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Tactics to understand the problem better

Information-seeking tactics to identify crime.

First published
Interventions to reduce violence against women and girls (VAWG) in public spaces
3 mins read

Publicity campaigns

There is evidence from the ‘Report it to stop it’ campaign in London (Solymosi and others, 2018), which used video messages circulated online, social media messages and leaflets, that media campaigns can increase the reporting of unwanted sexual behaviour on public transport without increasing fear of crime.

  • Limited evidence

Dedicated reporting routes

Dedicated reporting routes, such as online tools and numbers for texting reports of incidents – for example, the use by British Transport Police of the 61016 number for reporting unwanted sexual behaviour.

  • Untested

Apps for reporting crime, incidents and/or fear

Although there is no evidence of the impact of crime-reporting apps on crime reduction (Wood and others, 2021), there is potential for local use of a crime-reporting app to provide information on where and when crimes and incidents are occurring. This could help to understand the nature of the problems, provided there is widespread uptake (Ceccato, 2019).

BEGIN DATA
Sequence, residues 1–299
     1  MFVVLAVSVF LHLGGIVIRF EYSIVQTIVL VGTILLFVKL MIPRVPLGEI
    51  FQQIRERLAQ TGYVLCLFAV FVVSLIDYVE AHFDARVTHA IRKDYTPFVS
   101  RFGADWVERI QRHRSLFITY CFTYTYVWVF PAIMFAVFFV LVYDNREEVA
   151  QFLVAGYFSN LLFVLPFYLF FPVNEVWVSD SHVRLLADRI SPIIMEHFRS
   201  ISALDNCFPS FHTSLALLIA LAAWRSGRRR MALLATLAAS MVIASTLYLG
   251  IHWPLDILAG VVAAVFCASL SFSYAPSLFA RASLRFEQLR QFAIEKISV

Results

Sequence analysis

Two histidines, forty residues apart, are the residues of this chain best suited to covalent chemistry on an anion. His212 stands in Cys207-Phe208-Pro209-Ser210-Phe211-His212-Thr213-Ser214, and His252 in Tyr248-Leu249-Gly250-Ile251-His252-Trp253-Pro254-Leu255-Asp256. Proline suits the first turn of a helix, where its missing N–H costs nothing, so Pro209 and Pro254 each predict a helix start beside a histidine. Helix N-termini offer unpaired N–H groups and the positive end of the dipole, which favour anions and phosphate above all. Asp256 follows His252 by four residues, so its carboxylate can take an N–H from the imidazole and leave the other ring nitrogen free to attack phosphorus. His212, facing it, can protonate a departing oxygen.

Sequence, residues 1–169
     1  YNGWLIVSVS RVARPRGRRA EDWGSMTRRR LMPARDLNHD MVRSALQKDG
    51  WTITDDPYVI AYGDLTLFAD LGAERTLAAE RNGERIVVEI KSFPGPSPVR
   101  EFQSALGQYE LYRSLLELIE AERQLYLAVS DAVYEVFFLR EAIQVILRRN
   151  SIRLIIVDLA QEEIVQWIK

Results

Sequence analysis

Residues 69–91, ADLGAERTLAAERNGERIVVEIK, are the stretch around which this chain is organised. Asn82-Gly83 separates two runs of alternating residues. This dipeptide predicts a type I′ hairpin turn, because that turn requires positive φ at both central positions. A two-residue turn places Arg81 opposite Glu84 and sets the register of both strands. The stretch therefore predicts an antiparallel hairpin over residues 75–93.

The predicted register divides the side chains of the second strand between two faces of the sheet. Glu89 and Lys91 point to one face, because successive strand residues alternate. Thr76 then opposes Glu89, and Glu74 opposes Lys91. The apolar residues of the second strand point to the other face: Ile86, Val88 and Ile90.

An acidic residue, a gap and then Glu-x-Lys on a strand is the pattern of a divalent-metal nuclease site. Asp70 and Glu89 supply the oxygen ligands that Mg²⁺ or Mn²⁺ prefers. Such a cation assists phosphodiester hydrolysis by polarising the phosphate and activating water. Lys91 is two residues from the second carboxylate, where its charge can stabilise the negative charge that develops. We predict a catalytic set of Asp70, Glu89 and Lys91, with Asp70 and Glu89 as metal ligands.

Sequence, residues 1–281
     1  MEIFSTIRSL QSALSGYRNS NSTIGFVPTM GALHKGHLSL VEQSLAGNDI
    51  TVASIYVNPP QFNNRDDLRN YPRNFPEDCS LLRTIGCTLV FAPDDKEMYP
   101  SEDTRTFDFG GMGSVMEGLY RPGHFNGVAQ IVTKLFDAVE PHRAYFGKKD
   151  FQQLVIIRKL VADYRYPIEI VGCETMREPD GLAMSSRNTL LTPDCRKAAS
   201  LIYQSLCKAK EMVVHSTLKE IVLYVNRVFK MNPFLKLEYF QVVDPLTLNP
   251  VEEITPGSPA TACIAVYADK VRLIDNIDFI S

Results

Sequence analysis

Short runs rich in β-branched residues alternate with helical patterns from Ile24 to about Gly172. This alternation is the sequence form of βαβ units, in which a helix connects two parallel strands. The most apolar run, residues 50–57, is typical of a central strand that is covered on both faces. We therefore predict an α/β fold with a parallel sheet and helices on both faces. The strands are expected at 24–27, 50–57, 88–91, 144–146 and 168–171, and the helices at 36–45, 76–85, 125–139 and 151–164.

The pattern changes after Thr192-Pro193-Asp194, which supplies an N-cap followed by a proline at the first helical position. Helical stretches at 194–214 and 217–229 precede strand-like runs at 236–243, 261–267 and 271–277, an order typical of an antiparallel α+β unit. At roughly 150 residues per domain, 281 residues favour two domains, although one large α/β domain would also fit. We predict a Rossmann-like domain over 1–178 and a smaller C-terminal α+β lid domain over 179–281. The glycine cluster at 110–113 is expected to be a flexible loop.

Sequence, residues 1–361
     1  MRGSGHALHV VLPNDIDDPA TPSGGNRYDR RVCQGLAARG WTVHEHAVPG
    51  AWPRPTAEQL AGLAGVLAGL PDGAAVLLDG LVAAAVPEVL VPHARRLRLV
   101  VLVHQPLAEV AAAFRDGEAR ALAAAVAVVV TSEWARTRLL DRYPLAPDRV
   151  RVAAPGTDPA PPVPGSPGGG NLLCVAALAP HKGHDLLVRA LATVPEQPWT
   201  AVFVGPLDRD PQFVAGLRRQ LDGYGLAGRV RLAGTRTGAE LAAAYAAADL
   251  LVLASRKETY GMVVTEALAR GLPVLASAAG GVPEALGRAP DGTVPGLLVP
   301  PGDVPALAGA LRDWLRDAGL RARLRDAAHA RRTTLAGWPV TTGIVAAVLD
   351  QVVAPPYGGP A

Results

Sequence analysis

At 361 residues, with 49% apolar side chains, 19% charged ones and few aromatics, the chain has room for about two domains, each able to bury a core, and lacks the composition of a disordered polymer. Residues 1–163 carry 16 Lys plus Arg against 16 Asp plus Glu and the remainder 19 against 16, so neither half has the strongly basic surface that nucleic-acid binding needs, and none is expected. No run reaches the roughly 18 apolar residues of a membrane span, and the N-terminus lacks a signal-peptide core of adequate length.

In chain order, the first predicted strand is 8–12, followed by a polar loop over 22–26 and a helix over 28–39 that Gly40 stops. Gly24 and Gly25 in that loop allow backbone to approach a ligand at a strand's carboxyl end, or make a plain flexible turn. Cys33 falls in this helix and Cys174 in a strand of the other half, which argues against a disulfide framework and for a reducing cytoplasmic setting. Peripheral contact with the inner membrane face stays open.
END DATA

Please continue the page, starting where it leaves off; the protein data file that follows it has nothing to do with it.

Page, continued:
The Streetsafe tool allows the public to report locations where they feel unsafe, thus allowing relevant authorities to make changes to police patrols and the built environment.

For a discussion of the different types of apps related to crime prevention, see the article Primary crime prevention apps: A typology and scoping review by Wood, Ross and Johns (2021).

  • Untested

Data sharing

In the context of reducing alcohol-related violence, evidence suggests that data sharing was a valuable process in helping to identify hotspots (McGuire and others, 2020). Initiatives that combined health data with police data to inform the development of interventions resulted in reduced assaults, as well as reduced accident and emergency admissions.

For example, see the Cardiff TASC project.

  • Strong evidence
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